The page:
If you’re opting for online this Black Friday instead of facing the queues at your favourite department store, you may escape the incessant festive tunes and all that pushing and shoving in the aisles and at the doors but please remember, shopping online presents a host of risks to your online safety.
Indeed, some of that frenzy on Black Friday and Cyber Monday can extend to the internet, especially as all that bargain-hunting can cause you to let your guard down, says Carey van Vlaanderen, CEO at ESET South Africa, an internet security company that offers anti-virus and firewall products.
In fact, many people openly admit to taking risks at the prospect of a deal, however too-good-to-be-true it may sound, meaning there are a lot of potential victims who are apt to expose themselves to a range of threats that typically aim to capture their financial information. Indeed, for phishers and scammers, this is no more challenging than shooting phish in a barrel.
Let’s look at how they might attempt to trip you up, and what you can do to avoid stumbling:
We need to ensure that all our shopping takes place at legitimate and tried-and-tested sites. This involves basic precautions, including being wary of odd URLs and staying away from “merchants” offering suspiciously cheap items such as the latest iPhone for a fraction of its going price, as well as from the sites offering “customer support” on free email services such as Gmail.
Additionally, we need to be double wary of – and never click on any links or attachments in – out-of-the-blue emails, instant messages or social media postings that invariably offer amazing bargains, freebies in exchange for completing “surveys”, and similar unmissable offers playing on our fear of, well, missing out.
Pop-up and banner ads that parasitize well-known brands, as well as malicious adverts loaded by legitimate websites from third-party services and possibly even targeted at specific demographics (much as genuine ads would be), can all lead us to malware-hosting websites or to bogus sites that are designed to steal our personal details. Instead of rushing to click on whatever “deal” is on offer, you’re better off typing the retailer’s URL into the browser’s address bar and verifying that the bargain is authentic.
Such typing may not be without risks of its own, however. When typing the domain in your browser’s address bar, do your best not to mistype it. Otherwise you may inadvertently end up on a domain with a name that is confusingly similar to that of the legitimate and well-known web destination, but whose only purpose is to inflict harm on unsuspecting visitors. This malicious type of URL hijacking, also known as typosquatting, is commonplace.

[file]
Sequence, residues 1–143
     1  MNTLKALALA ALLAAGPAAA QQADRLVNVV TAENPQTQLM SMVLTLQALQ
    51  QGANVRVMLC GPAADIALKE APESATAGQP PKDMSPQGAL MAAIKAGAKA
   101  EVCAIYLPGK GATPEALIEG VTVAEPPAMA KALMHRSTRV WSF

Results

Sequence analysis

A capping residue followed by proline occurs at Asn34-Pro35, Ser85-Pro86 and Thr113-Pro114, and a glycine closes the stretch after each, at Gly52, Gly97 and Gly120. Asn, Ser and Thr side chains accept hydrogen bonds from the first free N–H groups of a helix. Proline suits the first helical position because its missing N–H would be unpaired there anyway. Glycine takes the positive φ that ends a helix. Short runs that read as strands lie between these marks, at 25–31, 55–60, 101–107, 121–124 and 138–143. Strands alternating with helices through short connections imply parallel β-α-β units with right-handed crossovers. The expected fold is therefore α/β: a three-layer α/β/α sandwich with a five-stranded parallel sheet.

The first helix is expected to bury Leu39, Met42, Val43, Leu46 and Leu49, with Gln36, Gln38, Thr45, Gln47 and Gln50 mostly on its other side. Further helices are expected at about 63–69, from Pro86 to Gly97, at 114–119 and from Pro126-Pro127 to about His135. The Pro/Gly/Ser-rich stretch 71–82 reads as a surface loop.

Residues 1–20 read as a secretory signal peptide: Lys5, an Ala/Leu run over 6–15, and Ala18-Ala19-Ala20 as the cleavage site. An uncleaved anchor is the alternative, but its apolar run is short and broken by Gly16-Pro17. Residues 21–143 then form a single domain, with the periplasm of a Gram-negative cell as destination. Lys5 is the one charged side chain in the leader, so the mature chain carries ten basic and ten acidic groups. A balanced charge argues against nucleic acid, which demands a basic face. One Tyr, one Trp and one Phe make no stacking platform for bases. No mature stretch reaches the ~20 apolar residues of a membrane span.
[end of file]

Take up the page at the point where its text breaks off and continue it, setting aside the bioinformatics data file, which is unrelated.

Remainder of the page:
Similarly, as we ramp up our search for sale items, we can reach unintended destinations when attackers poison search engine results with deceptive links. These may lead to dedicated Black Friday and Cyber Monday sites; dedicated, that is, to scamming you. Try instead to search for deals directly on the websites of reputable retailers.
Once on the merchant’s site – and before you input your personal and payment details – ensure that the site uses HTTPS web encryption, so that all the information that passes between your browser and the website is encrypted and prying eyes can’t see and interfere with it. The encryption will be indicated by a padlock icon to the left of the browser’s URL bar that, upon clicking, will also indicate that your connection to the site is secure.
In addition, it pays to be very picky about the Internet Connection that you use for your shopping spree. It’s best to stick to your home or work network, or alternatively to your data plan. Under no circumstances is it a good idea to connect to a public Wi-Fi network for your shopping, as many of them are unsafe.
In conclusion, let’s remember to stick to what are, in fact, some of the fundamental cyber-hygiene practices that will help you avoid nasty surprises while you do all that power shopping.
• Keep your operating system and applications updated with the latest security patches.
• Use reputable security software that incorporates multiple layers of protection.
• Utilise complex and unique passwords or passphrases, especially for your most valuable accounts.